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Aqua Link is staffed with highly qualified pond and lake managers with extensive experience in algae control in ponds, lakes and reservoirs. We manage hundreds of ponds and lakes annually for our clients. Algae typically occur as phytoplankton (free-floating, microscopic tiny aquatic plants) and filamentous algae. Filamentous algae first grows along the bottom of ponds and lakes, and then commonly breaks loose and becomes buoyant forming unattractive surface algal mats.
Aqua Link often uses an integrated approach to control excessive amounts of algae which often includes the use of aquatic algaecides, pond dyes, concentrated bacteria additives (known as bioaugmentation) and aeration (water fountains and diffused air aeration systems).
Some blue-green algae produce toxins or poisons. In their toxic form, blue-green algae can cause illness in humans, pets, waterfowl, and other animals that come in contact with the algae. Toxic blooms can kill livestock and pets that drink the water.
Aqua Link team of professional pond and lake managers can determine if your lake contains potentially toxic forms of blue-green algae. We can also accurately determine the concentrations of cyanotoxins in your waterbody and the potential risks associated with any algal blooms. If blue-green algae become dominant, Aqua Link has the expertise to control noxious blue-green algal blooms thereby allowing desirable pond and lake uses to continue.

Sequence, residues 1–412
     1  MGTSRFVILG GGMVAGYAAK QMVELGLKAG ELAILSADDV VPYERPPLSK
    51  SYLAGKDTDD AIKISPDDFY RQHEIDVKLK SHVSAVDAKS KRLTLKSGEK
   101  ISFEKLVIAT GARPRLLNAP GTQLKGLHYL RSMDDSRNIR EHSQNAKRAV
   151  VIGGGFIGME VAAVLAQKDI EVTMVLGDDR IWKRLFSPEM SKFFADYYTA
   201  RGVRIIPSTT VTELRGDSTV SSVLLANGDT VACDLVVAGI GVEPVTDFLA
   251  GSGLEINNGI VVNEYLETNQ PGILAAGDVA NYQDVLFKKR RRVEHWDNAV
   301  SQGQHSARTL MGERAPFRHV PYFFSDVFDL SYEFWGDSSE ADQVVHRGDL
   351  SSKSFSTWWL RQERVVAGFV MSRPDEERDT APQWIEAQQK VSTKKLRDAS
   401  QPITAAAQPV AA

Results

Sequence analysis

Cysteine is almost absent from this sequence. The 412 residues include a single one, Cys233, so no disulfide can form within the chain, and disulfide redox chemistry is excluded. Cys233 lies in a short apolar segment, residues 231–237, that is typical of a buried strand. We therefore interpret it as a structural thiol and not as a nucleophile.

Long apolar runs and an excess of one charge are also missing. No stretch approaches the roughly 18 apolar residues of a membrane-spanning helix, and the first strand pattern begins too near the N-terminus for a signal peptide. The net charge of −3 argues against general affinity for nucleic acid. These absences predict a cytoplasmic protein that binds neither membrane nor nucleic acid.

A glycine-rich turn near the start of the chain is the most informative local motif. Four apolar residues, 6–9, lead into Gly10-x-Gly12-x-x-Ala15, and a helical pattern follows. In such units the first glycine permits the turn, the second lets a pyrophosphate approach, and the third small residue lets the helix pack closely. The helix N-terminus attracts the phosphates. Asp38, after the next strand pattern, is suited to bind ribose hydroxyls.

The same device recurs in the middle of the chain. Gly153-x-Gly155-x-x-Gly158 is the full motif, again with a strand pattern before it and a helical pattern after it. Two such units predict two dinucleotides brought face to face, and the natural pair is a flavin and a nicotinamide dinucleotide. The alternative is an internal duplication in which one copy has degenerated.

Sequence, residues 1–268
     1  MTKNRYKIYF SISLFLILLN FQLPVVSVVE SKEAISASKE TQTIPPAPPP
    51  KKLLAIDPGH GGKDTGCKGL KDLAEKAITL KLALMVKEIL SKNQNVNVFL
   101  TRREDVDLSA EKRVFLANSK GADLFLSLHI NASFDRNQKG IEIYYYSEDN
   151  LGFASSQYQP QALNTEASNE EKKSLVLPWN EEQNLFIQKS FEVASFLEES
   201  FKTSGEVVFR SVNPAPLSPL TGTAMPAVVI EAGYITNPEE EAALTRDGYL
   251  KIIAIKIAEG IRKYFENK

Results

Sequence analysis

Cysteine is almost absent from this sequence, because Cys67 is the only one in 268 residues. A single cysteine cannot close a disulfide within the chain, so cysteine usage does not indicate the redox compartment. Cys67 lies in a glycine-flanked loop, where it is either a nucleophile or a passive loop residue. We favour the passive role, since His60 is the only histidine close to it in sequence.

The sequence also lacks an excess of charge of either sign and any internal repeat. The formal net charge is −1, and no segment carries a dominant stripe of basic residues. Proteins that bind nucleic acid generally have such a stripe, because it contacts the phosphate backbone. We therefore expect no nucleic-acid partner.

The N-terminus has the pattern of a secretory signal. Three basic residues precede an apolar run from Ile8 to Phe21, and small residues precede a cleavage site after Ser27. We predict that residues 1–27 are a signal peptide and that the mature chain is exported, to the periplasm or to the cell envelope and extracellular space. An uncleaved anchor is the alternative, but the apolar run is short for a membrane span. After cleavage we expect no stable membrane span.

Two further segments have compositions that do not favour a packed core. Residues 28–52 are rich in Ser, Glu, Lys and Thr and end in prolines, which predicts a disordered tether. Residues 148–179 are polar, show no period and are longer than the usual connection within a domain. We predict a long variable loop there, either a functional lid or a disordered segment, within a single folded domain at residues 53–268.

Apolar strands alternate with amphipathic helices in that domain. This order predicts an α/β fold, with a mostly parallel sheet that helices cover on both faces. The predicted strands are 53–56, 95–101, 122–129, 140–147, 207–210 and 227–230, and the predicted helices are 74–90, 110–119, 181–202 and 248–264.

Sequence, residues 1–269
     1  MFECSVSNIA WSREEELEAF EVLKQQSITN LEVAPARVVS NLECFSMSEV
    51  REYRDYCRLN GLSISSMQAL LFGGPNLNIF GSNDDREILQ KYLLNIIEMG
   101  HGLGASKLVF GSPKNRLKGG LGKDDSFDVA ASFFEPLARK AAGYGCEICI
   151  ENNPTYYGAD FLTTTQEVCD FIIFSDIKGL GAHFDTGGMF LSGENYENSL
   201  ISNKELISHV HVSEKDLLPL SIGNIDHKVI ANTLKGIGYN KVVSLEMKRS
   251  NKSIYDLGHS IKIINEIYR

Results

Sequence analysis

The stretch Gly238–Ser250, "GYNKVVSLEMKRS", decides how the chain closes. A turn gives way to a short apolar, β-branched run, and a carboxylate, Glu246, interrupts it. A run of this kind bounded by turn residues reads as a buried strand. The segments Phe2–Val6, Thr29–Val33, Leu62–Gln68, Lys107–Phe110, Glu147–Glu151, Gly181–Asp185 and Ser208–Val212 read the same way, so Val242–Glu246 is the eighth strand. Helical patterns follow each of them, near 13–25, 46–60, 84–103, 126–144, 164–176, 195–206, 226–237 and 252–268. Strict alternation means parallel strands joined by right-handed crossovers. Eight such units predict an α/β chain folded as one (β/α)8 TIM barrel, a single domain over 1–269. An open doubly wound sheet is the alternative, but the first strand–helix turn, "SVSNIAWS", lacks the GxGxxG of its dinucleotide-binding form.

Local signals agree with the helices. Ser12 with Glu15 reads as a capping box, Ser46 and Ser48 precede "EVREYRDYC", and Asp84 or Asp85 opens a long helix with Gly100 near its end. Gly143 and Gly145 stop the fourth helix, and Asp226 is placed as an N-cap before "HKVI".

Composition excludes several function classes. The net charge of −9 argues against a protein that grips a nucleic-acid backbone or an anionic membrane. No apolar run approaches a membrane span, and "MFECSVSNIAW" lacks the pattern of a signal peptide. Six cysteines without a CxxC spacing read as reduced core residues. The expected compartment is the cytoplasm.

Aqua Link manages hundreds of ponds and lakes for excessive growth of aquatic plants. Aquatic plants are generally categorized as emergent (cattails, phragmites, irises, rushes, sedges, pickerelweed), submergent (pondweeds, elodea, milfoils, naiads), and floating leaved (i.e. water lilies, water shield, duckweed, watermeal).
Overall, native aquatic plants are an integral component of aquatic ecosystems, but when too many are present (overgrown or weed choked), desirable pond and lake uses such as fishing, boating, and swimming, are often impaired. In general, fisheries in ponds and lakes are optimal when aquatic plant coverage ranges between 30 to 40 percent.
Invasive aquatic plants pose serious threats to all pond and lakes and their control can be very expensive if not detected early. In most instances, non-native aquatic plants out-compete more desirable native plants resulting in a loss of species diversity and impairment of desirable pond and lake uses such as, fishing, boating, and swimming. Non-native aquatic plants often grow taller and form denser stands than their native counterparts. This allows them to effectively block out sun light for more beneficial native plant species.
The best line of defense from aquatic plant invaders is having your pond or lake surveyed by Aqua Link's professional team of pond and lake managers (Aquatic Plant Surveys). Early detection and rapid response in controlling non-native, invasive aquatic plants is critical for protecting your aquatic ecosystem. Thereafter, Aqua Link will develop a specific cost-effective aquatic plant management plan for restoring and protecting your pond or lake.